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IP standardisation boosted by MPEGIF/OIPF merger

IP standardisation boosted by MPEGIF/OIPF merger | Video Breakthroughs | Scoop.it

The Open IPTV Forum and MPEG Industry Forum have reached agreement to merge the assets of MPEGIF into the OIPF in a move that increases consolidation in the standardisation landscape.


The pair say the activities of the MPEG Industry Forum have reached a natural and successful conclusion with the emergence of MPEG-4 Part 10, alternatively known as H.264, as the dominant codec in next generation video technology and the proven successor to MPEG-2.


As in 2011, when the Broadcast Mobile Convergence Forum (BMCO) merged into OIPF, which followed the Internet Streaming Media Alliance (ISMA) merging with the MPEGIF, these asset mergers represent natural consolidation in a maturing industry – the positive result of cross-industry consensus on fundamental technologies.

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Interoperable Master Format (IMF) for a Multi-Platform World

Interoperable Master Format (IMF) for a Multi-Platform World | Video Breakthroughs | Scoop.it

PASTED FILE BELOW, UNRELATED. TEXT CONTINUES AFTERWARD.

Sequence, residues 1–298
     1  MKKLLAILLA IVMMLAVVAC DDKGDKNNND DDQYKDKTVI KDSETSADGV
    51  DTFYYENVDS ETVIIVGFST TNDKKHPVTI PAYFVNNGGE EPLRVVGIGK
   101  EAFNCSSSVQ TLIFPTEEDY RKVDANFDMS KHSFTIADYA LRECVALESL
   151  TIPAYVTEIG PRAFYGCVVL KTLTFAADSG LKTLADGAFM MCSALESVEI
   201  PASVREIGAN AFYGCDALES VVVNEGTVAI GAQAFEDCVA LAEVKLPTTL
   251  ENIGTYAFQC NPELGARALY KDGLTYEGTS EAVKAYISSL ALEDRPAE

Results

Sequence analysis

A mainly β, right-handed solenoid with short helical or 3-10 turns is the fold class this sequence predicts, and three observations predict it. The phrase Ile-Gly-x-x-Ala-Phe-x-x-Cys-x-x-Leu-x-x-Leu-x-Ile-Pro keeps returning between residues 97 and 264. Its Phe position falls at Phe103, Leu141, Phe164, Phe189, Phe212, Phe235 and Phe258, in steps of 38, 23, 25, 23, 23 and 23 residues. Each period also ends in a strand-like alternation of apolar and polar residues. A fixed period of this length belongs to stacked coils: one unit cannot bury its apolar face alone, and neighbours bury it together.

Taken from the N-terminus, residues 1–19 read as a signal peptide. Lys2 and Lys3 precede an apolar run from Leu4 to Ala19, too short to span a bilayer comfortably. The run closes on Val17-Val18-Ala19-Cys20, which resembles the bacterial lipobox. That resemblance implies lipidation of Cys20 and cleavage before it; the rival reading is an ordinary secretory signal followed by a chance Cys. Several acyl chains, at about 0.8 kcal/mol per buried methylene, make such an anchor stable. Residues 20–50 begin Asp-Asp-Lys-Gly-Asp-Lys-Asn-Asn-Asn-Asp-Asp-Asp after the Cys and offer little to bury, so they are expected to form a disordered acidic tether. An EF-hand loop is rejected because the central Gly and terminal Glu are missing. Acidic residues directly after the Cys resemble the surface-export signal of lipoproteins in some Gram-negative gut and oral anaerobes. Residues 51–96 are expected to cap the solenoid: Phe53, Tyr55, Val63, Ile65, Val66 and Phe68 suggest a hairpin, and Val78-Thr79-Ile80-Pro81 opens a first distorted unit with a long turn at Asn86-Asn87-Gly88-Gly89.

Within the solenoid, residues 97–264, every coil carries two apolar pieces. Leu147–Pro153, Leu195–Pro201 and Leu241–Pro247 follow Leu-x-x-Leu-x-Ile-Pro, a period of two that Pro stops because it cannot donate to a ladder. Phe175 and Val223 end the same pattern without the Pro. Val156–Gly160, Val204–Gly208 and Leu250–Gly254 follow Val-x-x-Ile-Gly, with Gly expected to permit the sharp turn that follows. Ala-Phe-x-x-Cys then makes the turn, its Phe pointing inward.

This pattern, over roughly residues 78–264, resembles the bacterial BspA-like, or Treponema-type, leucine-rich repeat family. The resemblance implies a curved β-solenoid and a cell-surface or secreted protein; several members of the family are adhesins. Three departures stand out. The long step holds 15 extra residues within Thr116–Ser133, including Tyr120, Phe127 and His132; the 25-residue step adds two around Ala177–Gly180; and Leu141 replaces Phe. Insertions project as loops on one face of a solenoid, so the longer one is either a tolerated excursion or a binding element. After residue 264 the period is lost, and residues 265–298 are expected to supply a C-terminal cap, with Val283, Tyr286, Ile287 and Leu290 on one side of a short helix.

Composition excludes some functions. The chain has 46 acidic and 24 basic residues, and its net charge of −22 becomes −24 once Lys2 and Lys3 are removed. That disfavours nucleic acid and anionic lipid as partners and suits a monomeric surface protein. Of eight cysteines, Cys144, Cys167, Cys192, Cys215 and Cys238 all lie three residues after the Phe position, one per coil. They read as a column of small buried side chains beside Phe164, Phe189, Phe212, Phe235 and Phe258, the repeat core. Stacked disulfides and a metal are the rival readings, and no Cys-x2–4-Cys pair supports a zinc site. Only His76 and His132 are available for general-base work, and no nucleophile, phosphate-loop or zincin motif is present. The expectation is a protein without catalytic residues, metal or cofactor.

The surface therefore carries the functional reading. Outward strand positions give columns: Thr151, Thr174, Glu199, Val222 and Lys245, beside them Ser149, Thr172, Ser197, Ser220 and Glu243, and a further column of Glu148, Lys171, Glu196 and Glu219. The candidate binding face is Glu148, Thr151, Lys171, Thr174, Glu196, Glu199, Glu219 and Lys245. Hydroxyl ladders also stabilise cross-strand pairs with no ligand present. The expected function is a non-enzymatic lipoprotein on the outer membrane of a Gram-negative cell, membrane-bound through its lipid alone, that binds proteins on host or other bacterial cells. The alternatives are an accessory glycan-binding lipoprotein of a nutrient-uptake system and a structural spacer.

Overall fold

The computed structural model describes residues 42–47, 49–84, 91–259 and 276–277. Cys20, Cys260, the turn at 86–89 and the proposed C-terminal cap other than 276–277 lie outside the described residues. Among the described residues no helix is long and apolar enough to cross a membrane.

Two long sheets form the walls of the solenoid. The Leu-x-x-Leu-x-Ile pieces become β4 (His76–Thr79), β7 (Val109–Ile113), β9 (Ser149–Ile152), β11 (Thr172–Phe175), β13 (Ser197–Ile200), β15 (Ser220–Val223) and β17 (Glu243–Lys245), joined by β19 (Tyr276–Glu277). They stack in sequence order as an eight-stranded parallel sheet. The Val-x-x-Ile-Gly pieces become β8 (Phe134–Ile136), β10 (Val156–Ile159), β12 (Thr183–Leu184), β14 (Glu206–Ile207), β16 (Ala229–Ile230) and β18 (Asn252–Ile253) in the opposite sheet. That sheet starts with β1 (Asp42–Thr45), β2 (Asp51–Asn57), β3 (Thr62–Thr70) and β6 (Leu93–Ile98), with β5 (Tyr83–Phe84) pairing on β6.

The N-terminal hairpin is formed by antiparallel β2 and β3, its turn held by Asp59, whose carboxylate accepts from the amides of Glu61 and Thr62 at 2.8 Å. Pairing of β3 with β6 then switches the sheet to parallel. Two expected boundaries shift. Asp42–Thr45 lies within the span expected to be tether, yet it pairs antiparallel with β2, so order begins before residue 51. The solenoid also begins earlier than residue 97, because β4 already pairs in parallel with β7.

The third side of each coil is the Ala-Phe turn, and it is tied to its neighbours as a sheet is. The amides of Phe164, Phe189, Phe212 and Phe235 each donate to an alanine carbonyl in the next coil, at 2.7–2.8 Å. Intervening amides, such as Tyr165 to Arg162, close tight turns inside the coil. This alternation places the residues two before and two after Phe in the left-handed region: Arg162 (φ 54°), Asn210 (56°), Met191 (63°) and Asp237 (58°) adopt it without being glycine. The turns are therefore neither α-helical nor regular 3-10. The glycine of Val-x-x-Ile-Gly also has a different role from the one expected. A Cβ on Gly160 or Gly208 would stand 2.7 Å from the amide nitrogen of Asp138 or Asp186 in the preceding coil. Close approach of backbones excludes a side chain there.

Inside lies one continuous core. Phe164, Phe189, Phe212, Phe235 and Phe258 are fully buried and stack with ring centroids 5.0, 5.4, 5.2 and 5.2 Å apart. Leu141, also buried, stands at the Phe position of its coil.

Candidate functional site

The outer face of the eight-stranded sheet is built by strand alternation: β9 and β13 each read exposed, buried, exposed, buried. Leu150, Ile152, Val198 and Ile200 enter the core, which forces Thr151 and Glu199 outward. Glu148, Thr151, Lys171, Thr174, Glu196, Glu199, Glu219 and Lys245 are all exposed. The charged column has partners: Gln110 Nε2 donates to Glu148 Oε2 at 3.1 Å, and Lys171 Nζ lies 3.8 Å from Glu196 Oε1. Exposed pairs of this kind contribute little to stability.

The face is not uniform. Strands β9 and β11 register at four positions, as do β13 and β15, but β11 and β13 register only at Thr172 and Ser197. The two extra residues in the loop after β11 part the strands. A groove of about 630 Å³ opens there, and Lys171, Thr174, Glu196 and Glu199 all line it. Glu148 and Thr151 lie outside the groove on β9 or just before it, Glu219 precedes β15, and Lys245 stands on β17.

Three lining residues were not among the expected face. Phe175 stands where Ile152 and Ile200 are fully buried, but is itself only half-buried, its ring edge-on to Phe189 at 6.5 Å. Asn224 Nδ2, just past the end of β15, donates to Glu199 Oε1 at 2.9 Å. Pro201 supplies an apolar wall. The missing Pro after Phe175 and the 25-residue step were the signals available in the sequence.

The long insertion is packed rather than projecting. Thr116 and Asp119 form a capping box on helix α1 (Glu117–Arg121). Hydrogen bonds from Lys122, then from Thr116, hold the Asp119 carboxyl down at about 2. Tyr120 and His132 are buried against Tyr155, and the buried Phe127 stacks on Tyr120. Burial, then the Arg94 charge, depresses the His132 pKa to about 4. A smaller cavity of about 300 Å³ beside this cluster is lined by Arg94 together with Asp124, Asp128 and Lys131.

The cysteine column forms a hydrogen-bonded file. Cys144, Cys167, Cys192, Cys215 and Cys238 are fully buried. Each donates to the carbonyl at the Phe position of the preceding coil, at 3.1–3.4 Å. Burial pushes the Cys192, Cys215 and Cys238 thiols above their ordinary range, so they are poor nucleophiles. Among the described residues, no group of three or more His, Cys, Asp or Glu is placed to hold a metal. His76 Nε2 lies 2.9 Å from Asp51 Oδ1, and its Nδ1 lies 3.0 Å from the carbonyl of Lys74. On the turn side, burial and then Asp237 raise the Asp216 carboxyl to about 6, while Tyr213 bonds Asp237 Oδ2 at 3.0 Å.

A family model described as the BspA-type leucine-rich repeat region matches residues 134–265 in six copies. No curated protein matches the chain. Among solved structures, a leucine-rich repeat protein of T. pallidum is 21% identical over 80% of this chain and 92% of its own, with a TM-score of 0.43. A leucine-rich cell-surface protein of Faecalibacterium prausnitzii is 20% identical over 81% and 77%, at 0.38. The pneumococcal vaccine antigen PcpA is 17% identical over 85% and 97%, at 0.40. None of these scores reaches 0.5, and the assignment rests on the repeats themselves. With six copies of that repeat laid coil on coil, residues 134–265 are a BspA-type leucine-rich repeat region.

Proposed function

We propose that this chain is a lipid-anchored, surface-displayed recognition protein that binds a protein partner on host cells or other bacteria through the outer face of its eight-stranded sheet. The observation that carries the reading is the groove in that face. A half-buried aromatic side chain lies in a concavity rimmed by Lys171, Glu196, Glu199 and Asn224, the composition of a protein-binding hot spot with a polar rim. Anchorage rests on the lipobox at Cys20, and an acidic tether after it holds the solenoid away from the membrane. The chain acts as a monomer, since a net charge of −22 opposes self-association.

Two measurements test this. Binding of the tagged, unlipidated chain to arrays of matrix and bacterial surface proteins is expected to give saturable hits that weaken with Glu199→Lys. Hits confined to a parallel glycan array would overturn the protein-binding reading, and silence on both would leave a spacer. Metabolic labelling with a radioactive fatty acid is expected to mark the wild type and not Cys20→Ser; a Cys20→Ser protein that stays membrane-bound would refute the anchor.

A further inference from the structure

Among other things, the looming arrival of the Interoperable Master Format (IMF) is illustrating that the digital media industry is now capable of moving "nimbly and quickly" to create technical standards to address and evolve the ways that it packages, moves, and protects precious content in the form of digital assets in a world where the technology used to do all that, and the very industry itself, is fundamentally changing at a startling rate.

 

Unlike the DCI spec, IMF is not built of wholly new parts. Wherever possible, the file package will consist of existing pieces combined together in an MXF-flavored wrapper. This should, Chang hopes, make it easier for businesses across the industry to adapt without huge infrastructure changes in most cases as IMF comes to fruition.


"With IMF, we are using existing standards—a form of MXF (called MXF OP1A/AS-02) to wrap the files, and parts of the Digital Cinema format and other formats that many manufacturers already use," says Annie Chang, Disney's VP of Post-Production Technology and chairwoman of the SMPTE IMF work group. "So, hopefully, there is not much of a learning curve. We hope that most of the big companies involved in the process won't be caught unaware, and will be able to make firmware or software upgrades to their systems in order to support IMF. Hopefully, companies will not have to buy all new equipment in order to use IMF.


Via Richard Kastelein
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Unified Streaming Hosts First Common Encryption (CENC) Demonstration with Multiple DRMs at IBC 2013